Is Google Ditching PageRank?
For years, PageRank has played a large role in Google’s search dynamics and countless webmasters keep a steady eye on their rankings, in combination with other metrics, to see how their fortunes are rising or falling. While much of what drives Google’s subtle algorithms are unknown or murky when it comes to specifics, PageRank is one relatively concrete example of the overall process and therefore something many can “feel”. Recently, however, some news has indicated that the search giant may be abandoning PageRank in favour of a more up-to-date, modified version. What have we heard, what do we know, and what might this mean for the future of search?
The Public Statement
Recently, several Google representatives announced that the annotations for web pages that are featured in the PageRank toolbars will no long be receiving updates. Since the turn of the century, Google has been pinging servers with this type of update for PageRank roughly once per quarter on a consistent basis. Why is this sudden shift occurring? It certainly seems odd for Google to make such an abrupt shift with regards to this right now if there are no major changing coming down the pipeline (or if the changes haven’t already occurred). While this particular element isn’t a major ranking signal for PageRank, it is still a bit telling that Google intends to abandon even a small part of the PageRank experience going forward.
Google’s New Patent
Google acquires patents like a hoarder collects newspapers, but one patent in particular caught our eye that was obtained in September. This particular patent shows an example of a potentially new ranking system that generates a global score for each website and mimics PageRank to a certain degree. A unique element also included in the patent is an explanation of how this same system can be used to generate specific scores for individual pages, ultimately averaging out a website’s global score. All in all, it appears that this patent revolves around a modified PageRank algorithm that places emphasis on prioritizing individual webpages for individual SERPs even more, by deriving authority more from a page than from an entire site.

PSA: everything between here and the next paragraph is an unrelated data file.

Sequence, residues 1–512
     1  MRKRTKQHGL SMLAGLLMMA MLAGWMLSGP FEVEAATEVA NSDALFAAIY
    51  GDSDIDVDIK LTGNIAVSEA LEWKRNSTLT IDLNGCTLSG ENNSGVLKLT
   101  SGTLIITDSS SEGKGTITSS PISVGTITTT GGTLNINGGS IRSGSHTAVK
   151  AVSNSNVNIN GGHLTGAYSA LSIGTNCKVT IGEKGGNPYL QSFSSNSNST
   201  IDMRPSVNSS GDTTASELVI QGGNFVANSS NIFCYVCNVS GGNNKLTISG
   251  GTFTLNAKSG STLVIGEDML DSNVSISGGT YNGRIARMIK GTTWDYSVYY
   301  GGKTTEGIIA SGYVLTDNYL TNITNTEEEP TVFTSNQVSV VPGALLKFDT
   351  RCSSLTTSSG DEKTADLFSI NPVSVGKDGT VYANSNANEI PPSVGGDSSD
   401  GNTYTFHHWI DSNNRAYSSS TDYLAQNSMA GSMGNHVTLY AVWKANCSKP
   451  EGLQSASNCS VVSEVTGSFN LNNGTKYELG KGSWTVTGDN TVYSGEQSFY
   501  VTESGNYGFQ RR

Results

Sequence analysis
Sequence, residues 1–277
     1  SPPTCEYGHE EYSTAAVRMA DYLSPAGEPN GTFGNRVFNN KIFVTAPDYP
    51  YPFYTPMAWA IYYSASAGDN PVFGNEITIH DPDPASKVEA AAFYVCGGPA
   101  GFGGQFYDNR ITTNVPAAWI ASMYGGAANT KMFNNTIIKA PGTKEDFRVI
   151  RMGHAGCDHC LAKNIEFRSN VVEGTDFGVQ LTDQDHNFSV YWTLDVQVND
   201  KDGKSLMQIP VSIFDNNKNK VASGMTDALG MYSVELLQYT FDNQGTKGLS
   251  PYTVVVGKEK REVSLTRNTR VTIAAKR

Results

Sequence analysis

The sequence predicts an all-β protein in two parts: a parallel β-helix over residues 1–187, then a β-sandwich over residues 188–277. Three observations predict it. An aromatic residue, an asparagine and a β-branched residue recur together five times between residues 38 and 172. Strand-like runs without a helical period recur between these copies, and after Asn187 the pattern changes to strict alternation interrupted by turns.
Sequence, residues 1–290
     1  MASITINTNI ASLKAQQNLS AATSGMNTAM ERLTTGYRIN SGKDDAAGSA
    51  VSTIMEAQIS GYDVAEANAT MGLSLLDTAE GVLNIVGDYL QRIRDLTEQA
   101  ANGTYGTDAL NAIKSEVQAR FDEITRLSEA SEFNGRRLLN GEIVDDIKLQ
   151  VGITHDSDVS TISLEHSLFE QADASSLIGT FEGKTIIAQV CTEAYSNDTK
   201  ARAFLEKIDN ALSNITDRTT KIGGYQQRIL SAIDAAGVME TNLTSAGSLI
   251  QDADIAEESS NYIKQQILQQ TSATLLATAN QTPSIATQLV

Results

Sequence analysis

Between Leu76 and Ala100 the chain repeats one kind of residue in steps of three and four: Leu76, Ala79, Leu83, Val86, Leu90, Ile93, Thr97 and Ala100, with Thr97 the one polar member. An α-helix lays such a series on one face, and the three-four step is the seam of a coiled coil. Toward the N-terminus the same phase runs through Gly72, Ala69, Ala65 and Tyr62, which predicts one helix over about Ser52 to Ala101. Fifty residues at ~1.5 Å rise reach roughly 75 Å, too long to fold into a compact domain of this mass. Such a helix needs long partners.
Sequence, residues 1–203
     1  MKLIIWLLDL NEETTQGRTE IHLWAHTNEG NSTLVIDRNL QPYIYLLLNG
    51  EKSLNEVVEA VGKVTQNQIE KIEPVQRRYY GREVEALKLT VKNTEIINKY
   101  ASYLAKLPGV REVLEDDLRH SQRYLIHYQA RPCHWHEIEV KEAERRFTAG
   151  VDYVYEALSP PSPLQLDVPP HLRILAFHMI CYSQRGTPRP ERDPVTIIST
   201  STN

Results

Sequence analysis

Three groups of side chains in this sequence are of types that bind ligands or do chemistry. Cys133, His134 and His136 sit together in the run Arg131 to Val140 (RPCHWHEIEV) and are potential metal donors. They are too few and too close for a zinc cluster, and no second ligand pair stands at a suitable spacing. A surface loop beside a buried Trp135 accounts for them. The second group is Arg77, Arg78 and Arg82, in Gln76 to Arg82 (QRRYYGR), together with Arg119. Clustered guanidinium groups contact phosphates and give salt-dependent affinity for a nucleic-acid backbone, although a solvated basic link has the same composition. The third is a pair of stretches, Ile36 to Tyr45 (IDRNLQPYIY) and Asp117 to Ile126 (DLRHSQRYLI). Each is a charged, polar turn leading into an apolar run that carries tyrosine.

What Could Be Affected
After digging through the patent, a few common elements can be extracted to explain the gist of what we might expect from such a change. For starters, SERP relevance would likely be increased on a universal scale, with local signals and indicators being able to factor even more heavily into search results. Relative comparison of various websites targeting a given SERP may also become more prominent, particularly when dealing with local search results. It would also go without saying that any massive change like this will come with a plethora of unknown shifts, making it quite difficult for any of us to truly guess what will happen when pinging servers on Google in the future.
Will PageRank be ditched? It is too early to say, but there are multiple indicators that this may be coming sooner or later. On the other hand, Google acts in mysterious ways and acquires all sorts of patents that are never utilized, so it is possible that nothing will come of it. Conversely, these changes may already be in effect and we have yet to confirm it. One thing is for sure, though: the deliberatively-deceptive dance of Google Search will continue in either circumstance.